Interesting things about Wellington, No. 4; Ginger Crunch.

Ginger Crunch

Ginger Crunch

No, it’s not New Zealand’s Next Top Exotic Dancer. Quite the opposite in fact, as a serious Ginger Crunch habit can turn a young woman into the human equivalent of a badly swollen, velour lounge suite. Two years people, that’s all it takes. Make Good Choices. 

Ginger Crunch is a slice, comprised of a layer of too-dry, biscuitty dough, tar-sealed with a slightly thicker layer of ‘ginger’….stuff. I’m not even really sure what this layer is, it’s sort of like a cross between caramel and icing, flavoured with slightly bitter powdered ginger yielding the cheeky aftertaste of a joinery factory.

However, In a young and hungry country, Ginger Crunch has taken on cult status as an incontrovertibly ‘Kiwi’ dish. Unlike pavlova, it has so far remained free from nefarious Australian attempts to claim its heritage; It seems there’s not a lot of competition for a weeping, mid-brown slice not unlike chewing on a wincingly sweet sheet of asbestos.

Ginger Crunch (I looked this up) comes by its iconic status honestly. It is one of the stars of the New Zealand’s baking bible the “Edmonds Cookbook”. Established in 1908 this popular cook-book formed the backbone of a parochial, colonial cuisine. The Edmonds cookbook is brimming with recipes, covering everything and anything that can be whipped up out of three cups of sugar and a fern-root.

Baking is extremely important in New Zealand culture, which is something I never realised until I returned after a long spell overseas. Cafes, yes, even inner city smarty-pants ones, feature their cakes and slices front and centre. A cafe without a good selection of slices no smaller than your average bathroom tile will simply fail to hold the public attention. And bakeries (yes, even wanky sourdough ones) often market themselves as cakes and slices first, bread second.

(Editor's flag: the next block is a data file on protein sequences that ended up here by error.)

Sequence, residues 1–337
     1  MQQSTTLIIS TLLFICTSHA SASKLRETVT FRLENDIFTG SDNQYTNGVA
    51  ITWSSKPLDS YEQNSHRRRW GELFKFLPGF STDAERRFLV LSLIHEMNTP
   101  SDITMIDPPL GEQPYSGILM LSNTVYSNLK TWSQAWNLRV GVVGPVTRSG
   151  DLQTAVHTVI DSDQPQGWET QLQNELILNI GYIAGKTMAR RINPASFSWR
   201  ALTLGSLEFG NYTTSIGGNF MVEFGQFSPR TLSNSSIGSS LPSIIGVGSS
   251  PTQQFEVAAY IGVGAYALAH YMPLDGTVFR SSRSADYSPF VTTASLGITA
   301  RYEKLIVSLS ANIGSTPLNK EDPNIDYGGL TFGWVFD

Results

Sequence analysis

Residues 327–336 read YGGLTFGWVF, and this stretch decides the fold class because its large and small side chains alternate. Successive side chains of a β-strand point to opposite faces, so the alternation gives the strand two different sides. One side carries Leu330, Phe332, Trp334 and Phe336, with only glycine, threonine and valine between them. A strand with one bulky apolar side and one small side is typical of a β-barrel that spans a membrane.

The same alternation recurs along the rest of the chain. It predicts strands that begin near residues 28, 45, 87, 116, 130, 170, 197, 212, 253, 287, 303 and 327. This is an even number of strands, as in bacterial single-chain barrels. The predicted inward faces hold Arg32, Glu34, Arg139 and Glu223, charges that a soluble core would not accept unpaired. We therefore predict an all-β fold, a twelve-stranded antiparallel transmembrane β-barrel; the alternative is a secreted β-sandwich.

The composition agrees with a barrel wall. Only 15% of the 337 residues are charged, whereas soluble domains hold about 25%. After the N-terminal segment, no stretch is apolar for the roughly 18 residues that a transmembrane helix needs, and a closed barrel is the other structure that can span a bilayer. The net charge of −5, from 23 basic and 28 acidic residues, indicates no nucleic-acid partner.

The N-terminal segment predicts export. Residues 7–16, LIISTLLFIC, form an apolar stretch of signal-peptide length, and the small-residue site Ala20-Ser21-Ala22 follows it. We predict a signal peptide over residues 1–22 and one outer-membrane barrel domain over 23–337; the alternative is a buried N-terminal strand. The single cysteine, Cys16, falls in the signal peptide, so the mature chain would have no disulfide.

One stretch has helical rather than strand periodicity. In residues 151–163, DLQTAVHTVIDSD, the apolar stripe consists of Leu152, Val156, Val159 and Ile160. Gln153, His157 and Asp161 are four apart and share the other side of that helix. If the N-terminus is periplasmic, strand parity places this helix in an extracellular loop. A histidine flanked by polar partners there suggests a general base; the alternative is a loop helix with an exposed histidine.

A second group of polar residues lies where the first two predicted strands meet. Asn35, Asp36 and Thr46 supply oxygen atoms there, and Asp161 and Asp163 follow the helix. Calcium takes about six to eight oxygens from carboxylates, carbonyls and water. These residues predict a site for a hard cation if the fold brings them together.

Last week I watched a group of women at the counter of an inner city cafe in Wellington grind to a halt when one of them claimed that she would only have a gourmet pork and beef roll (sausage roll), for lunch without a slice. All was not lost though, as each savoury dish is served with half a cup of syrupy tomato sauce. Yum.

I have to say that even though this isn’t my choice of food, I LOVE the joy and satisfaction of those for whom it is. New Zealanders, like Australians, are constantly chastised by governments fretting about them being too fat, but surely there’s some measurable public health benefit to being; A) happy, and B) a bit bloody warmer.

Having lived in Sydney’s shiny-belt (eastern suburbs) where tiny blond women race up and down footpaths shrink-wrapped in glistening black sportsgear delicately slurping soy-trim-mocca-uppa-downer-whiteys there’s something very heartening about watching people tuck into a slice that represents the daily caloric intake of Somalia.

PS. If you want some really good food in Wellington – Gypsy Kitchen in Strathmore. That is all.

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